6. The signal distribution system of claim 2 wherein said source of control signals comprises an oscillator including a transistor having emitter, base, and collector electrodes, a frequency determining crystal connected between said collector and base electrodes, means coupling said power supply potentials to said collector electrode, means connected between said collector and emitter electrodes to maintain a constant direct current potential therebetween regardless of variations of said power supply potentials, and an impedance connected between said collector and emitter electrodes across which the output of said oscillator is developed.

7. The signal distribution system of claim 2 wherein said means for generating power supply potentials includes a plurality of cascaded emitter follower stages and said circuit means comprises and amplifier responsive to said predetermined frequency characteristic of said control signal and means to vary the input voltage applied to the first of said emitter follower stages in accordance with the amplitude of said amplified control signal.

8. A system for distributing received radio frequency signals to a plurality of individual subscribers over an extended geographical area comprising, an antenna adapted to receive the range of frequencies desired, an input terminal, a control terminal, means coupling said antenna to said input terminal, a transmission line coupling said terminals, a control oscillator having a constant amplitude output at a fixed frequency within said range connected to said input terminal, means at said control terminal for generating unidirectional power supply potentials, means coupling said potentials to said transmission line, a pluralty of variable gain amplifiers interposed in said transmission line between said terminals, each of said amplifiers being connected to amplify the radio frequency signals on said line and to obtain power supply potentials therefrom, the gain of said amplifiers being dependent on the amplitude of said supply potentials, and means responsive to the amplitude of the output of said control oscillator at said control terminal to vary the amplitude of said supply potentials.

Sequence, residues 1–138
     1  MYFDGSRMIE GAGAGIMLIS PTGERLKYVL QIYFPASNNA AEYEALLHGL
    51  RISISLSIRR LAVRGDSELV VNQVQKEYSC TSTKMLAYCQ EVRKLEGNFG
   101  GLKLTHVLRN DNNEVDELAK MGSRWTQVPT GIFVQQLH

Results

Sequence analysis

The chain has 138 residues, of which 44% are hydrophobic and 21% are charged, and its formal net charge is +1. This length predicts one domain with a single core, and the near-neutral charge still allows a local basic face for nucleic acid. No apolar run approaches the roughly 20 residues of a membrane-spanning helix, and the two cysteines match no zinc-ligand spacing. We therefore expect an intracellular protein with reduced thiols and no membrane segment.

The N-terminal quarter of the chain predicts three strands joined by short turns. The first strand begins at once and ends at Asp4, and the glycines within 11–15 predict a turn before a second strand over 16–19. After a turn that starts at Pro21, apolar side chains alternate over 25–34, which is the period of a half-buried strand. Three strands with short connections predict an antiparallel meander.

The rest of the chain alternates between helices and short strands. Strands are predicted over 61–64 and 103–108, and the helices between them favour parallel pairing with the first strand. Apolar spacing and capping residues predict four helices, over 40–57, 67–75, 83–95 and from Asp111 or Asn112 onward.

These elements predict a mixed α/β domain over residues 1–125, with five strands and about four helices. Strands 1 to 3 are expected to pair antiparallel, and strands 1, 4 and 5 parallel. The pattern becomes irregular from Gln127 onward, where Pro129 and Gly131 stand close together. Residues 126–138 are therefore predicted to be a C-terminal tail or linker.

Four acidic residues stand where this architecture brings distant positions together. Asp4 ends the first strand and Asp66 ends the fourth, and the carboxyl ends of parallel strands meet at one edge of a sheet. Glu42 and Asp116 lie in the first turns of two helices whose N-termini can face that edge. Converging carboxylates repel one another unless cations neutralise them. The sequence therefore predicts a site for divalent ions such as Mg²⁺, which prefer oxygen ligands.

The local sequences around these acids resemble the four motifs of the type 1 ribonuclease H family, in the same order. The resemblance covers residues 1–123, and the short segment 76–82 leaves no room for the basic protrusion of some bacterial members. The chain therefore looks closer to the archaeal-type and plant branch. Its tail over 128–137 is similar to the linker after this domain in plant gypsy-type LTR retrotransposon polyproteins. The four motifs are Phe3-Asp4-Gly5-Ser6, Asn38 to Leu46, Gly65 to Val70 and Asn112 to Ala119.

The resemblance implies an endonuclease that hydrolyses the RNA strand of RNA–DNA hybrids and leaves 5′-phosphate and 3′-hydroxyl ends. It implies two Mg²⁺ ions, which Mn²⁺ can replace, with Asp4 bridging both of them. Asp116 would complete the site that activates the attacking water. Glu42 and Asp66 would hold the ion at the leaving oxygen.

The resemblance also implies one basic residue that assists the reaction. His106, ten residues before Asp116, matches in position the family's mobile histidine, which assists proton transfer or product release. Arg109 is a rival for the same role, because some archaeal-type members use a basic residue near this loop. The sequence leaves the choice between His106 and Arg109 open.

9. A signal distribution system comprising signal-input means adapted to receive radio frequency signals, a transmission network including a transmission line having an input end connected to said signal-input means and an output end, plural amplifiers connected in said transmission line, means for applying a constant amplitude control signal to said input end of said transmission line, a direct current power supply for said amplifiers connected to said output end of said transmission line, means responsive to the amplitude of said control signal after traversing said transmission line from said input end to said output end for varying the magnitude of said direct current power supply, each of said amplifiers including means for varying the gain thereof as a function of said direct current power supply, and means including said transmission line providing a direct current path from said direct current power supply to said plural amplifiers such that direct current power is applied to the gain varying means of each of said plural amplifiers.